Analyzing Learned Molecular Representations for Property Prediction
Advancements in neural machinery have led to a wide range of algorithmic solutions for molecular property prediction. Two classes of models in particular have yielded promising results: neural networks applied to computed molecular fingerprints or expert-crafted descriptors and graph convolutional neural networks that construct a learned molecular representation by operating on the graph structure of the molecule. However, recent literature has yet to clearly determine which of these two methods is superior when generalizing to new chemical space. Furthermore, prior research has rarely examined these new models in industry research settings in comparison to existing employed models. In this paper, they benchmark models extensively on 19 public and 16 proprietary industrial data sets spanning a wide variety of chemical end points. In addition, they introduce a graph convolutional model that consistently matches or outperforms models using fixed molecular descriptors as well as previous graph neural architectures on both public and proprietary data sets. Their empirical findings indicate that while approaches based on these representations have yet to reach the level of experimental reproducibility, their proposed model nevertheless offers significant improvements over models currently used in industrial workflows.
Molecular property prediction, one of the oldest cheminformatics tasks, has received new attention in light of recent advancements in deep neural networks. These architectures either operate over fixed molecular fingerprints common in traditional QSAR models, or they learn their own task-specific representations using graph convolutions. Both approaches are reported to yield substantial performance gains, raising state-of-the-art accuracy in property prediction.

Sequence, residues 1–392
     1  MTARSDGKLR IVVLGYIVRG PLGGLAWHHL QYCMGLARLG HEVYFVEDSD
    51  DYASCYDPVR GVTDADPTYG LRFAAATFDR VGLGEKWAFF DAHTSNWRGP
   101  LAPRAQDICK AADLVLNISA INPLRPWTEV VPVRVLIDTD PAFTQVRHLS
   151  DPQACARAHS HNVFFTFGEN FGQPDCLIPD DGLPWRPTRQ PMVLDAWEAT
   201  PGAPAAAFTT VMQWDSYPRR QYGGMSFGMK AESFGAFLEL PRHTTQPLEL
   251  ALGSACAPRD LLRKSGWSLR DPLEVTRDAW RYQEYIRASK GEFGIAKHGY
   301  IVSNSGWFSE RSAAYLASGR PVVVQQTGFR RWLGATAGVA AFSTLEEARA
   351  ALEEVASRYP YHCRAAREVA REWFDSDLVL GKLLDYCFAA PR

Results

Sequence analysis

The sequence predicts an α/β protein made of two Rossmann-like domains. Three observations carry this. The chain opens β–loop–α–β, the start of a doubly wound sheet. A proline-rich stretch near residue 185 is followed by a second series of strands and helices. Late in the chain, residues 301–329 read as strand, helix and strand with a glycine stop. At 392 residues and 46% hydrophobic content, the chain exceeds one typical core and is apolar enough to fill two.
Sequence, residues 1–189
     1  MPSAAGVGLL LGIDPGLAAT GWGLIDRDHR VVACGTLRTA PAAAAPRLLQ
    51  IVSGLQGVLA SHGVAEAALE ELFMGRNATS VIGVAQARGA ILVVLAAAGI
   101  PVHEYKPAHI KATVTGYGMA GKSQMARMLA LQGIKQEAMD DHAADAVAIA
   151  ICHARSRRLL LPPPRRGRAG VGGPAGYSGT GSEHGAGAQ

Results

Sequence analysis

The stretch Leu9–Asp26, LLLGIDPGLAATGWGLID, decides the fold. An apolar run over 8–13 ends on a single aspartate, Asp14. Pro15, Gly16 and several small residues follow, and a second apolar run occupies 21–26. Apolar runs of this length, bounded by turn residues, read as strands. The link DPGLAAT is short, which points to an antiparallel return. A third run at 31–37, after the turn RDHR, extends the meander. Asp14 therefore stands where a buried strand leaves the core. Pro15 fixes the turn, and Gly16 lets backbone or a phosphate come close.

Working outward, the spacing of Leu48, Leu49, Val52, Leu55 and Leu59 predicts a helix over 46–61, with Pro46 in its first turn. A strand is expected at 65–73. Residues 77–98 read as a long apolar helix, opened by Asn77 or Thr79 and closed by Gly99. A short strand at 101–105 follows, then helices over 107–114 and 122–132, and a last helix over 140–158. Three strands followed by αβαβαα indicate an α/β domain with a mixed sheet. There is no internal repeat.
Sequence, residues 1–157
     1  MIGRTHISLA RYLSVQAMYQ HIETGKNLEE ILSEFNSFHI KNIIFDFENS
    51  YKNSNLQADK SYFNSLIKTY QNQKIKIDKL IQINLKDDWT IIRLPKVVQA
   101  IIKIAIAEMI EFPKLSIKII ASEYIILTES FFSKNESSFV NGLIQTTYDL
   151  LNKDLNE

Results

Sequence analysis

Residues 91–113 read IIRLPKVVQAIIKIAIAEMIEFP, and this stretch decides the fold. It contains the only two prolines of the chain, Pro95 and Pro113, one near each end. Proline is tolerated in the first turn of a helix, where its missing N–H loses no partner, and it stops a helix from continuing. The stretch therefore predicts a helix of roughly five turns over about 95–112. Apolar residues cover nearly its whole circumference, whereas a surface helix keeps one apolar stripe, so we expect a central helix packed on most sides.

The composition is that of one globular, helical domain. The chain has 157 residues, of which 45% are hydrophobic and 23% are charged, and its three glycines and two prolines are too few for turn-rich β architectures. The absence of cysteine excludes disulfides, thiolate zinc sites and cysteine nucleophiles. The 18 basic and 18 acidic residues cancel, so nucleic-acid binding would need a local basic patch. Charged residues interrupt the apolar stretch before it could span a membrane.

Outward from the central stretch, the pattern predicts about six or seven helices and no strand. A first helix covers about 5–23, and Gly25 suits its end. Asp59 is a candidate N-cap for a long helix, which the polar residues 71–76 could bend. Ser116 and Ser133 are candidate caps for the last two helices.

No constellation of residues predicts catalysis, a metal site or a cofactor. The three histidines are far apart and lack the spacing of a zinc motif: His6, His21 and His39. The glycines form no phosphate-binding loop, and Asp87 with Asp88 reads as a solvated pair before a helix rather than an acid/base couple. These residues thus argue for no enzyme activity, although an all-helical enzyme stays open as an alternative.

Despite these successes, many questions remain unanswered.
The first question concerns the comparison between learned molecular representations and fingerprints or descriptors. Unfortunately, current published results on this topic do not provide a clear answer. Wu et al.demonstrate that convolution-based models typically outperform fingerprint-based models, while experiments reported in Mayr et al. report the opposite. Part of these discrepancies can be attributed to differences in evaluation setup, including the way data sets are constructed. This leads us to a broader question concerning current evaluation protocols and their capacity to measure the generalization power of a method when applied to a new chemical space, as is common in drug discovery. Unless special care is taken to replicate this distributional shift in evaluation, neural models may overfit the training data but still score highly on the test data. This is particularly true for convolutional models that can learn a poor molecular representation by memorizing the molecular scaffolds in the training data and thereby fail to generalize to new ones. Therefore, a meaningful evaluation of property prediction models needs to account explicitly for scaffold overlap between train and test data in light of generalization requirements.
Four example distributions fit to a random sample of 100,000 compounds used for biological screening in Novartis. Note that some distributions for discrete calculations, such as fr_pyridine, are not fit especially well. This is an active area for improvement.
In this paper, they aim to answer both of these questions by designing a comprehensive evaluation setup for assessing neural architectures. They also introduce an algorithm for property prediction that outperforms existing strong baselines across a range of data sets. The model has two distinctive features: (1) It operates over a hybrid representation that combines convolutions and descriptors. This design gives it flexibility in learning a task specific encoding, while providing a strong prior with fixed descriptors. (2) It learns to construct molecular encodings by using convolutions centered on bonds instead of atoms, thereby avoiding unnecessary loops during the message passing phase of the algorithm.